A breast abscess is a localised collection of pus in the breast tissue. It is usually caused by a bacterial infection. Breast infections, including mastitis and breast abscesses, are most often seen in women aged 15 to 45 years.
The signs and symptoms of breast abscesses are:
- a tender swelling or lump in an area of the breast;
- pain in the affected breast;
- redness, warmth, swelling, and tenderness in an area of the breast;
- muscles aches; and
- feeling generally unwell.
What causes breast abscesses?
Breast abscesses are usually caused by a bacterial infection, which often occurs when a woman is breast feeding.
Mastitis (inflammation of the breast) is a common problem associated with breast feeding. Symptoms of mastitis include:
- a tender, swollen breast;
- breast pain;
- red, warm skin overlying the breast (often in a wedge-shaped pattern);
- fever; and
- feeling generally unwell.
Bacteria can enter the breast through the nipple during breast-feeding, or through cracks in the nipple or areola (the darkened area around the nipple). Blocked milk ducts can also lead to mastitis. Mastitis can progress to a breast abscess if it is not treated promptly.
Breast abscesses can also develop in women who are not breast feeding. Risk factors can include:
- injury to the breast;
- cracked nipples;
- having diabetes or problems with your immune system;
- nipple piercing; and
- breast implant surgery.
It is rare for breast cancer to cause pain and inflammation. However, inflammatory breast cancer is a rare type of breast cancer that can cause symptoms similar to breast abscess symptoms.
Tests and diagnosis
Your doctor will ask about your symptoms and perform a physical examination.
If a breast abscess is suspected, your doctor may recommend having an ultrasound scan of your breast. Breast abscesses can often be drained with a needle at the time of the scan, and the drained fluid can be tested for bacterial infection or other problems.
Consult your doctor at the first sign of breast infection.
Treatment for breast abscesses includes antibiotics, surgical removal of pus and self-care measures.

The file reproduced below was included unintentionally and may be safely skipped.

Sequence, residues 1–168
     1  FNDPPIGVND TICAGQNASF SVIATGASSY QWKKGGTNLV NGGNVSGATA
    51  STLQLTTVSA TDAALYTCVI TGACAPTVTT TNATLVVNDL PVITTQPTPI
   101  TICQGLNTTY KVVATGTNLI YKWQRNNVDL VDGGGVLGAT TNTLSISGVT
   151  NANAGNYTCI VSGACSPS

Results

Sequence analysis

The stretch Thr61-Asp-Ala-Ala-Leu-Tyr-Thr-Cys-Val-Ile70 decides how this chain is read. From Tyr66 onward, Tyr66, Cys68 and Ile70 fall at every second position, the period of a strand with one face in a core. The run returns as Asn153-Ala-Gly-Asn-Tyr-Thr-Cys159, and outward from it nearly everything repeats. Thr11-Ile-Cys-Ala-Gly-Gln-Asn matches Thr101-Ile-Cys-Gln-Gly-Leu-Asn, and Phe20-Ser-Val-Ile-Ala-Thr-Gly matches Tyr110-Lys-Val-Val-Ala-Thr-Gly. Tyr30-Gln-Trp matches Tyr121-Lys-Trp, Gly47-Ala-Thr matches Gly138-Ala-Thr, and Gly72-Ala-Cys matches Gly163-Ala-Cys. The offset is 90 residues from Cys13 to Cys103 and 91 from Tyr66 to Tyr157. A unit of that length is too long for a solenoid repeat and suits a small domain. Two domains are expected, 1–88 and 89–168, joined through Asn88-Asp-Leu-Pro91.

Antibiotics are usually needed to treat the infection that caused the breast abscess. The most common type of bacteria causing breast abscesses is Staphylococcus aureus.
The pus in the breast abscess usually needs to be drained.
Most breast abscesses can be drained using a needle. Local anaesthetic is used to numb the skin before the needle is inserted. Drainage with a needle may be done with the help of an ultrasound scan, to locate the position of the abscess and guide the needle to the right area.
Large abscesses may need to be treated with a small surgical cut (incision) and drainage.
In addition to resting as much as possible and drinking plenty of fluids, there are several other self-care measures that can help.
Take simple painkillers such as paracetamol or a non-steroidal anti-inflammatory medicine (NSAID). If you are breast feeding, check with your doctor before taking any medicines.
Cold compresses can also be used to help reduce pain.
Can I still breast feed with an abscess or mastitis?
If you have mastitis, it is usually safe to continue to breast-feed your baby as normal from both breasts. Breast feeding will help to clear the milk ducts in the affected breast, relieve symptoms and help prevent a breast abscess.
Gentle breast massage and a warm compress can help milk flow if there is a blocked milk duct. When breast feeding, offer your baby the breast with the blocked duct first and let the baby feed until it is completely drained.
If you have a breast abscess breast feeding may be painful or difficult. Breast feeding can continue from the affected breast as long as any drainage procedure does not interfere with breastfeeding. It may be recommended that you express breast milk using a breast pump.
Your doctor or a breast feeding nurse (lactation consultant) will be able to advise you on the approach you should take. They can also offer general breast feeding advice to help prevent mastitis in the future.
Preventing mastitis and breast abscesses when breast feeding
- Make sure that your baby is latching on properly when breast feeding.
- Make sure that your bra and clothing is not too tight.
- Try to encourage your baby to empty your breasts of milk as much as possible when breast feeding. Alternate the breast you offer first to the baby at each feed, and allow the baby to feed until the first breast is completely drained.
- Keep your breasts clean by washing them daily with mild soap and water. Wipe off dried secretions and gently dry the breast thoroughly with a clean towel.
- After breast-feeding, wipe the nipples and areolae with sterilised cotton dipped in boiled, cooled water or some breast milk.
- At the end of a feed, allow your breasts to dry naturally in the air.
- Apply lanolin cream daily to the nipples and areolae to prevent them from cracking.
Last Reviewed: 18/02/2016
myDr. Adapted from original material sourced from MediMedia.
1. NHS Choices. Breast abscess (updated 14 Aug 2014). http://www.nhs.uk/conditions/Breast-abscess/Pages/Introduction.aspx (accessed Feb 2016).
2. Mastitis (revised October 2014). In: eTG complete. Melbourne: Therapeutic Guidelines Limited; 2015 Nov. http://online.tg.org.au/complete/ (accessed Feb 2016).
3. MayoClinic. Mastitis (updated 12 Jun 215). http://www.mayoclinic.org/diseases-conditions/mastitis/basics/definition/con-20026633 (accessed Feb 2016).
4. BMJ Best Practice. Mastitis and breast abscess (updated 3 Sep 2015). http://bestpractice.bmj.com/best-practice/monograph/1084.html (accessed Feb 2016).
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